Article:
Media buyers see the marketplace climbing 3%-7% over last year, a testament to the improving health of the medium and the appearance of five new talk shows. Another good sign for syndication is that the scatter market also has been improving, although slowly. And a stronger economy isn’t hurting, either, with a number of ad categories — notably automotive — doing well.
Ad spending in the syndication upfront later this month will likely be up by low- to mid-single-digit percentages over last year, according to media buyers and analysts.
Buyers say spending will be up about 3%, but David Joyce, an analyst at Miller Tabak, expects dollar volume to be up 7.5%, from just under $2.7 billion last year to nearly $2.9 billion this year.
“Advertisers are going to shift some money to the Internet but there’s still a lot of demand for TV’s broad reach,” says Joyce.
Whatever the total take, it will not be evenly distributed.
The most popular daytime talk shows are expected to see cost-per-thousands increase as much as 10%. Low- and mid-tier shows will post modest CPM increases or will be flat to last year, according to analysts and media buyers.
“There isn’t one market,” says Howard Levy, EVP of ad sales at Disney-ABC Domestic Television. “If you have a show that’s not doing well, you’re going to have a tough upfront. If you have a show like Big Bang Theory, Live! with Kelly, Katie or Ellen, you’re going to have a good upfront because people want to buy those shows.”
The anticipated increase in syndication dollars testifies to the good health of the medium.
Shows like CBS Television’s Dr. Phil, Sony Pictures Television’s Dr. Oz and Warner Bros.’ Ellen and Two and a Half Men are all posting year-over-year ratings increases. And Warner Bros.’ Bang ranks No. 1 among all off-network shows in its first year in syndication.
“We anticipated enormous success for The Big Bang Theory, but it’s off the charts,” says Michael Teicher, executive vice president of media sales at Warner Bros. Domestic Television Distribution. “When you combine that with Two and a Half Men, which is a stellar performer, and an in-demand show like Ellen, we’re on par with the reach of the broadcast networks.”
The improving economy isn’t hurting, either. A few of the largest ad categories, notably automotive, are doing well. Auto sales this year through April were up 10.3% over last year, according to automotive research firm Morgan & Co.
“During the troubled economy, consumers held onto their cars longer than they normally would have. Now, they are in the market,” Teicher says.
He notes that other big ad categories like fast-food restaurants and packaged goods are also showing signs of improvement.
Another good sign for syndication is that the scatter market also has been improving, although slowly.
Typically, in the upfront, syndicators sell off a large percentage of the coming season’s inventory, around 50% or more. Whatever’s left over will be sold in scatter throughout the season when syndicators hope that demand will push up prices.
In the first quarter, scatter was weak. “We were writing business … with prices that were competitive to upfront pricing,” says Tricia Wolfer, associate director of broadcast at Empower MediaMarketing. “We’re in a position to be pretty aggressive for our clients.”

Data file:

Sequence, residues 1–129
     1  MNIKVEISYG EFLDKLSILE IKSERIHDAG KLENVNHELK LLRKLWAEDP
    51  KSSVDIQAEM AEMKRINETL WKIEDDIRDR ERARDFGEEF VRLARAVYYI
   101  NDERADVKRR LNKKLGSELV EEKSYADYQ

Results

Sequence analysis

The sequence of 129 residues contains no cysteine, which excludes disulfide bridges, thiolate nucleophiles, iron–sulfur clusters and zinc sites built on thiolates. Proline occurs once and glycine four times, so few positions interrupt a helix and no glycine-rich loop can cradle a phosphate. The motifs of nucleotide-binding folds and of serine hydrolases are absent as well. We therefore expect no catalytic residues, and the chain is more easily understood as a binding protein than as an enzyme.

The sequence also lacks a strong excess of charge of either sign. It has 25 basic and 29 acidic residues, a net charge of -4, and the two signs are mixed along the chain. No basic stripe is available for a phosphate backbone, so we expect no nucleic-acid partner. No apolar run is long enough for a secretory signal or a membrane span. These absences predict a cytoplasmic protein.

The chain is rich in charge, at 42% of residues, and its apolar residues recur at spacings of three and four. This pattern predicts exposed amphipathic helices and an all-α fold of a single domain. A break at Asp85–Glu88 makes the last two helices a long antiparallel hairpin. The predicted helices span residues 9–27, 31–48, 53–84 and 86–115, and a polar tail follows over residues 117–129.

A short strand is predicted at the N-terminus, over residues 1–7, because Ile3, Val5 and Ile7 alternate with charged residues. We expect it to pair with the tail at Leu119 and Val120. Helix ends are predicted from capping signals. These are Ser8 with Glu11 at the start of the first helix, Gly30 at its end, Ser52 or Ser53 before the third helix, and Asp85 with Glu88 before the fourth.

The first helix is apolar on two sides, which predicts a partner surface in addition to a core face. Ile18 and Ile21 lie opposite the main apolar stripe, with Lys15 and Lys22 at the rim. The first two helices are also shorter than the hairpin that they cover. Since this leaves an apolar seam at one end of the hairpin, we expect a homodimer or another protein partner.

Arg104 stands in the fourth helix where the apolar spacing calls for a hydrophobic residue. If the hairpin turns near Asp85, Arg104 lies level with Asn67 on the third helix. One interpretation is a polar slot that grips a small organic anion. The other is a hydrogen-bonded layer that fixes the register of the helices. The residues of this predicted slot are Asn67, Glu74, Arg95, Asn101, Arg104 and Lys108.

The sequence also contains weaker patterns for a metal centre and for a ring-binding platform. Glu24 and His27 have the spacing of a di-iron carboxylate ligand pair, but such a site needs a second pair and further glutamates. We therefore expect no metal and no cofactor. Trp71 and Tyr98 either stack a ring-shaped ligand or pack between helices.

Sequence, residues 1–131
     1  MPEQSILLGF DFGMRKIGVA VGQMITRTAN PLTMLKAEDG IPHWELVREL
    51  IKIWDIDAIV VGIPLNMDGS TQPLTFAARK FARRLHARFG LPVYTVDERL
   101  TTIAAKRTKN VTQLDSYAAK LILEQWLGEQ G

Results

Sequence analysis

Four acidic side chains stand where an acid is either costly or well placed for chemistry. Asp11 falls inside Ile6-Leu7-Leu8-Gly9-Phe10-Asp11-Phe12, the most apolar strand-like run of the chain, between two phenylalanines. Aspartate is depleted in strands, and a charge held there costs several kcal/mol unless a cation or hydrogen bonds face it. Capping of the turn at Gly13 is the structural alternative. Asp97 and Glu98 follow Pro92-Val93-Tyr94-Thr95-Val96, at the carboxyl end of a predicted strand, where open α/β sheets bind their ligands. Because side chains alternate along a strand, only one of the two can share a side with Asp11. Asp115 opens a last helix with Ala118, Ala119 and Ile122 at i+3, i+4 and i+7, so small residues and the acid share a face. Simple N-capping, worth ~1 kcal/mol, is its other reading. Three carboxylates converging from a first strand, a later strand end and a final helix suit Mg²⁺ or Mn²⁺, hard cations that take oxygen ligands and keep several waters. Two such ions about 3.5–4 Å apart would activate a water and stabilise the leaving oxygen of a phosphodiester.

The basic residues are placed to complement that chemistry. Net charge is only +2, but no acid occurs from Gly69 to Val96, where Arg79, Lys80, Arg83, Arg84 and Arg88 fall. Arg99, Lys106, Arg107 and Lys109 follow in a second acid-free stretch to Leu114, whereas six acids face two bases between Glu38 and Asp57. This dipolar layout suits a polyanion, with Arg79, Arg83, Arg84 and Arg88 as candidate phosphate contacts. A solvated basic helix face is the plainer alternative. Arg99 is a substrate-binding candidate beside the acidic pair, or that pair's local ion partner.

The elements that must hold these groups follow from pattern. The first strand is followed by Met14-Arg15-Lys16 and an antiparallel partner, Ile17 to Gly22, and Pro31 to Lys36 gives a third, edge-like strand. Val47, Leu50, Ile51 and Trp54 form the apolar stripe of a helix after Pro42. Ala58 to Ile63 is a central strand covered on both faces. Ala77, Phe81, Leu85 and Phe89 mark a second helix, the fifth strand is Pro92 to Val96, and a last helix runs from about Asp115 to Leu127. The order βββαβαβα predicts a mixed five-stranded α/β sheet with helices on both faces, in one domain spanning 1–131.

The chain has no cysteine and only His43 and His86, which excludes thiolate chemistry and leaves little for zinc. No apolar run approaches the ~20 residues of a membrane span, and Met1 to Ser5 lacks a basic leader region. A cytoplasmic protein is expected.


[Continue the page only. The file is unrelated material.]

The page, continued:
But second quarter scatter has been a bit stronger, say buyers and sellers.
This year’s upfront will also be fueled by five new talk shows.
“Talk shows will be the driver,” says Miller Tabak’s Joyce. “The networks’ soap operas are going away, so syndication is trying new talk shows.”
The fall’s new shows, led by Disney-ABC’s high-profile Katie with Katie Couric, are expected to quickly sell all the ad inventory that the syndicators make available.
Media buyers say they expect Katie to be a polished, well-made show with virtually no controversial content that would scare off advertisers. Moreover, viewers know and like Katie Couric. So, they’ll likely check out the show and stick with it if it’s good.
Other new talk shows in the upfront game this year: Twentieth Television’s Ricki with Ricki Lake, CBS’s Jeff Probst and NBC Universal’s Steve Harvey and Trisha with Trisha Goddard. The only new broadcast sitcom going into syndication is Sony’s Rules of Engagement.
“Advertisers have been very enthusiastic about The Jeff Probst Show,” says John Nogawski, president of CBS Television Distribution. “Advertisers always flock to quality shows.”
The syndication upfront is expected to kick off shortly after the TV networks’ upfront presentations to media buyers next week in New York City, or possibly right after Memorial Day weekend at the end of the month.
Top-tier shows will likely sell out within a couple of weeks. Already, media buyers and the syndicators are finishing up more complex integration deals where brands are placed into a show itself, as opposed to in a commercial break.
“Right now, we are aggressively looking for unique branded integrations that seamlessly put an advertiser in our shows,” says Nogawski. “We’ve had a great amount of interest from our clients in doing integrations in Jeff Probst.”
Buyers and sellers have been hammering out these deals for months. Now, the focus is shifting to the upfront and the ad inventories.
“It’s usually network first, followed by syndication and cable,” Wolfer says. “But I wouldn’t be surprised if they all move together this year, with network setting the pace.”
Joyce is projecting that the network primetime upfront will be up 7.1%, to $10.6 billion — that includes ABC, CBS, Fox, MNT, NBC and The CW. He’s forecasting cable TV will be up 8.1%, to just under $10 billion.
Another analyst, Anthony DiClemente from Barclays Capital, is projecting an increase of 4.3% for the Big Four networks, to $9.49 billion on CPMs up an average 8.7%. He’s projecting a 6.3% increase for cable TV, to $9.88 billion.